Soldotna slope worker convicted of tax evasion

  • By DAN BALMER
  • Sunday, October 5, 2014 9:47pm
  • News

A Soldotna man was convicted of seven federal tax crimes in U.S. District Court in Anchorage last week.

James Back, 60, a North Slope worker employed by the Alyeska Pipeline Service Co., was found guilty of filing false income tax returns from 2006 to 2008 and for failure to file his returns from 2009 to 2012, according to an Oct. 2 release from U.S. Attorney Karen Loeffler.

Back, who represented himself at trial, worked as a pipeline technician at Pump Station 1 in Prudhoe Bay.

After three days of trial, evidence showed Back earned more than $125,000 in wages during each of the prosecution year, but falsely claimed his wages were zero from 2006 to 2008. From 2009 to 2012, Back failed to file, according to the release.

Back contributed more than $140,000 to a retirement plan, had investment accounts worth hundreds of thousands of dollars, owned property in the Kenai Peninsula Borough, and purchased more than $400,000 in gold and silver bullion during the prosecution years, according to the release.

Back argued “taxation was immoral and unfair, and he refused to submit to it anymore,” according to the release.

Despite applying for the Alaska Permanent Fund Dividend each year, he argued the check was not taxable. Back ignored prior warnings from his employer, supervisor, the Internal Revenue Service and a U.S. Tax Court judge, according to the release.

Witness testimony linked Back’s scheme as similar to one used by Peter Hendrickson of Michigan who wrote a book, “Cracking the Code” which promotes the “zero wages” tax evasion scheme. In 1992, Hendrickson was convicted of failure to file tax returns and firebombing a Michigan U.S. Post Office in 1990 and served 21 months in prison, according to federal court records.

Chief U.S. District Judge Ralph Beistline described Back as “unrepentant” and his crimes as “flagrant.”

“Using schemes and tactics intended to willfully conceal income from the IRS isn’t tax planning, it’s criminal activity,” said Special Agent Teri Alexander with the IRS Criminal Investigation. “There is no secret formula that can eliminate a person’s tax obligations. The verdict reinforces our commitment to every American taxpayer that we will identify and prosecute those who use abusive scams designed to evade the payment of taxes.”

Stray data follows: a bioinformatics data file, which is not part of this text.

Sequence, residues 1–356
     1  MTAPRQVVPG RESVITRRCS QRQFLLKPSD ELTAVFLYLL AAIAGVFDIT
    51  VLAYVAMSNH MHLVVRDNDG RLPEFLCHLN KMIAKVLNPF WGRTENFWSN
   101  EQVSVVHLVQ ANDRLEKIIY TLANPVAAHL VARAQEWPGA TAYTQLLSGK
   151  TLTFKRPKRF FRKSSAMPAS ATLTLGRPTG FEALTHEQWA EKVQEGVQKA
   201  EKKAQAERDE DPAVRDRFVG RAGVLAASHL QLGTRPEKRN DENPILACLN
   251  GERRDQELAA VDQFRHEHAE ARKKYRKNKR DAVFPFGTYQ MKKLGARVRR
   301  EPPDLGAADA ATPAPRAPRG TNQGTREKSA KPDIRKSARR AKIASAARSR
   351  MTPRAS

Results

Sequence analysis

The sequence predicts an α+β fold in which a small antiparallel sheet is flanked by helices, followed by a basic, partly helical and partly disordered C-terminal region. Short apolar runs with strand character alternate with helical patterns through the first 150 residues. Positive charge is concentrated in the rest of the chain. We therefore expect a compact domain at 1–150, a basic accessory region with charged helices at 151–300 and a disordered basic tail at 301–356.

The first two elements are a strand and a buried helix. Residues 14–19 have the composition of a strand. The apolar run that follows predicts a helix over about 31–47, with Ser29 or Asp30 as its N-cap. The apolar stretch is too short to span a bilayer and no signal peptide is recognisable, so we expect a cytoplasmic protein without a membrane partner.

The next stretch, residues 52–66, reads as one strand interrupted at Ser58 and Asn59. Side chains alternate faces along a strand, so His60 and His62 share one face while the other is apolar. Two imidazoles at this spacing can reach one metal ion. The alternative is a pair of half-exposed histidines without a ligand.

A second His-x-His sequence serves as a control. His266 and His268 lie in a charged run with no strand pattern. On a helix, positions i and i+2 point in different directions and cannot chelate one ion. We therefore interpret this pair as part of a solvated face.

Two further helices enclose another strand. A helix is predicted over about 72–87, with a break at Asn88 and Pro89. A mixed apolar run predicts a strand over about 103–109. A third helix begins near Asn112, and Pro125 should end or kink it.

Back was remanded to the custody of the U.S. Marshal to await sentencing, which is scheduled for Dec. 16.

Back faces up to three years in prison on each of the three false return counts and a maximum of a year in prison on each of the four counts of failure to file.

Reach Dan Balmer at daniel.balmer@peninsulaclarion.com

More in News

Two snowmachine-triggered snow slabs are seen below the weather station of Seattle Ridge in Turnagain Pass on Dec. 3, 2021. (Photo courtesy of Chris Flowers and the Chugach Avalanche Center)
Multiple avalanches in Turnagain Pass reported Friday

The center reported Saturday that current avalanche danger was considerable above 1,000 feet and moderate below 1,000 feet.

The logo for the Kenai Peninsula Borough School District is displayed inside the George A. Navarre Borough Admin Building on Thursday, July 22, 2021 in Soldotna, Alaska. (Ashlyn O’Hara/Peninsula Clarion)
School district changes COVID policy for close contacts

The policy went into effect on Nov. 29

This 2010 photo shows the soon-to-be-replaced Tustumena come into Homer after spending the day in Seldovia. Gov. Mike Dunleavy announced on Saturday the state would be replacing the ferry. The replacement vessel has not yet been named, and a statewide contest will be held to name the new vessel, Dunleavy said. (Homer News File)
State moves ahead with replacement of Tustumena

The state has other plans for updating the marine highway.

A sign urging COVID-19 mitigation measures hangs at a free vaccination clinic at the Y intersection of the Kenai Spur and Sterling highways, on Tuesday, Nov. 30 in Soldotna, Alaska. (Clarion file)
Omicron variant spurs travel restrictions locally, nationally

It’s still unclear if the omicron strain is more dangerous than other COVID variants.

Commercial fishing and other boats are moored in the Homer Harbor in this file photo. (Photo by Michael Armstrong/Homer News)
Seawatch: Bycatch becomes hot issue

Dunleavy forms bycatch task force.

Junetta Delong browses the shelves at the Soldotna Library Friends’ book and art sale at the Soldotna Public Library on Saturday, Dec. 4, 2021. (Camille Botello/Peninsula Clarion)
‘Something for everyone’

Library holds art and book sale fundraiser

Danny Dommek takes photos with Santa at Soldotna Creek Park on Saturday, Dec. 4, 2021. (Camille Botello/Peninsula Clarion)
‘And to all a good night’

Soldotna celebrates Christmas in the Park

The badge for the Kenai Police Department (Clarion file)
Walmart briefly evacuated after bomb threat

The investigation is ongoing.

The new Homer Police Station, as seen Thursday, Sept. 24, 2020 in Homer, Alaska. Members of the Homer Police Department officially moved into the building on Thursday. (Photo by Megan Pacer/Homer News)
K-9 trooper team finds lost girl

A 12-year-old girl, poorly dressed for the elements, ran away from her downtown Homer home.

Most Read